I feel that this episode was OK, but could could been better. The way it is paced feels odd to me, sort of flat. We have very little time to see what Gary's original personality is, then he becomes a threat. They talk about his escalation of power being geometric, but it doesn't feel geometric at all – he instantly becomes a creepy supermind, then very slowly gains new powers. On the plus side, Gary does a good job of acting creepy and disturbing, without being so obviously bonkers that you want to kill him right away. And I felt for poor Kirk – how do you put your best friend to death because he is weird right now, but you think it is likely he will become an unstoppable menace in the future? It violates all normal laws and morals.
    - Problem: After Gary is knocked unconscious, he has to stand upright on the transporter pad in order to be transported. It looks pretty weird.
    - The psychiatrist seems to be about as good at psychiatry as the redshirts are at security. She does nothing useful! At least she makes up for it at the end by zapping Gary with her god powers. I liked that part.
  • From Robert Koenn on 2011-08-03 at 2:57pm:
    I found this episode to be fairly good. It's main theme was most definitely scifi core stuff and for being the first episode of this new series at the time was quite good. I gave it a six. Of course there were flaws, even a perfect episode has flaws but the overall theme and plot were very good. It was to me one of those more esoteric plots of the far future. A bit along the lines of some of the early Clarke conjectural stories. There are other episodes like Trouble with Tribbles that use the scifi universe for a fun time but this used it for a very intelligent plot and interesting story. Just my thoughts, hardly a big favorite but still fairly good.
  • From Mike Meares on 2012-02-07 at 5:17am:
    I am not sure I would call “Where No Man Has Gone Before” a flop, but I do agree it could have been better.

    The odd thing about this episode was although it wasn’t the first one aired it was one of the first ones I saw. It really drew me into the Star Trek world and it will always have a warm spot in my heart.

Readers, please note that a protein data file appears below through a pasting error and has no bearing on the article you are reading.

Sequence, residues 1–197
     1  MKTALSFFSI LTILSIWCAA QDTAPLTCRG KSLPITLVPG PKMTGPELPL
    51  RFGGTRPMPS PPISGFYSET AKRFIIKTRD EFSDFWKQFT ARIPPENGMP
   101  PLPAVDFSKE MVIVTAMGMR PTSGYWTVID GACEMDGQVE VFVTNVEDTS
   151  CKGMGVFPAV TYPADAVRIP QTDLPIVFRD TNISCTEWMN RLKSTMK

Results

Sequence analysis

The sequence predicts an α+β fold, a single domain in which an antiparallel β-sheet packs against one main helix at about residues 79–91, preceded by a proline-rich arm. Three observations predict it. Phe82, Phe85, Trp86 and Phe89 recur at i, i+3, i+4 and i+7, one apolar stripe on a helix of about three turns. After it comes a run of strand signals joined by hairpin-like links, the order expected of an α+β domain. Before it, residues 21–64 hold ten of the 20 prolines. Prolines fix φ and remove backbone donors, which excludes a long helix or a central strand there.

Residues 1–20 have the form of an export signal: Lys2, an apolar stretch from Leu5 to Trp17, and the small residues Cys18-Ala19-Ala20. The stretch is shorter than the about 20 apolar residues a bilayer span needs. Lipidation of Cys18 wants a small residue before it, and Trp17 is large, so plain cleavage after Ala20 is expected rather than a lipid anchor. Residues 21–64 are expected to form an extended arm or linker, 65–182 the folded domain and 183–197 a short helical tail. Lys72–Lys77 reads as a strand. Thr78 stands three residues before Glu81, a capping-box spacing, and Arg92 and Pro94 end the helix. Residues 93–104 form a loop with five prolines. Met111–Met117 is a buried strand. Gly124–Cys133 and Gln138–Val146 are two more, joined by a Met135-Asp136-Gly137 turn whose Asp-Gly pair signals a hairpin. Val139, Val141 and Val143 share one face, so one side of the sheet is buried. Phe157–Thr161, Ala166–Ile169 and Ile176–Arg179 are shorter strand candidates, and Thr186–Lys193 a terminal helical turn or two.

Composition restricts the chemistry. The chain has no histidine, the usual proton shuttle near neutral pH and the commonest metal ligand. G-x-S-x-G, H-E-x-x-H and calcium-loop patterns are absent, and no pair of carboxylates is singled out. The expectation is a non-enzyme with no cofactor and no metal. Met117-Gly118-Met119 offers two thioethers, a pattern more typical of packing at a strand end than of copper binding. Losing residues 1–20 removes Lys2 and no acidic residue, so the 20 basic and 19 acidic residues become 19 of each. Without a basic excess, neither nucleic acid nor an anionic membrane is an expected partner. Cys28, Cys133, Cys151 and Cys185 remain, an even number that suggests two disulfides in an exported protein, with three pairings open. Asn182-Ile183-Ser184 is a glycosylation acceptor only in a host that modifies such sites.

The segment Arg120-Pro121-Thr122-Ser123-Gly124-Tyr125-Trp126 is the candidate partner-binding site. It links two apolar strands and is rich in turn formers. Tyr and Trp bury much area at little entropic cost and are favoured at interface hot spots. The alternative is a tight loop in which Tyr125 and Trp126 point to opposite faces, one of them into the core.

I do agree with the criticisms here but like someone pointed out it was the second pilot. But watching it now you can really see how the episode is struggling to form the ideas and characters that were later to develop into Star Trek.

    The episode feels a little like Phase Two ( but much more professional of course ) in that it seems a little raw and uneven.

    But one scene stills stand out for me in this one.

    The scene in the Briefing Room with Kirk and Spock talking about what to do with Mitchell. That scene still gets to me.

    When Spock says, “Then you have one other option, kill him while you still can,” that still floors me. I can’t think of another TV show that would ask our hero to commit murder. Very powerful.

    Although I do agree not one of the best episodes but still pretty good.
  • From Glenn239 on 2012-10-04 at 11:44am:
    A '6'

    Gary from Where No Man Has Gone Before is more interesting than the later “Q” or Trelane, but the Godlike powers he evolves and adversarial relationship with Kirk are a dead-end combination, as the ending to this episode showed. Gary was much more interesting to me in sick bay reading quickly and making observations about why the impulse engines were going to blow up than he was later strutting around the planet. They should have toned down Gary’s powers, make the relationship between him and Kirk as much distrusting as it is adversarial, give him vulnerability and a common problem to solve. Maybe even have Gary survive, though we’d certainly have to drop him off at a starbase rather than seeing the egotistical Shatner put up in the rest of the series with a rival that is in every way his equal.

    I liked the strong female lead, even though that character’s opinions were unhelpful whenever they weren’t wrong. Shades of Troi, with the strong ESP thing. Pity the show didn’t stick to there being a strong female lead. I also liked seeing the evolution from the original plot to the second pilot. You can literally see the production team fixing one problem after another – casting, sets, props, uniforms – as they go, and their alterations are invariably steps in the right direction.
  • From Schreck on 2013-05-23 at 1:23pm:
    this second pilot has a lot of continuity errors, and i find it weird that the studio didn't like the first pilot because it was called "too cerebral" yet, they liked this one...i still think gary mitchell would have made a better story line than kahn for into darkness...i give it a 6.5 and my brother a 7...
  • From john on 2014-03-31 at 7:23pm:
    This was a great episode. One of my favorites. It shows the fascination and desire for power inherent in all of us but that that goal is ultimately corrupted by human nature. Good production values, action sequences and dramatic story of Gary's escalating powers and the ambiguity in morality of how to deal with it.
  • From jd_juggler on 2015-03-22 at 9:48am:
    This episode did not establish kirk's full name as James R. Kirk; it established that Gary Mitchell THOUGHT that was kirk's full name. And nowhere in the original series is kirks full middle name given.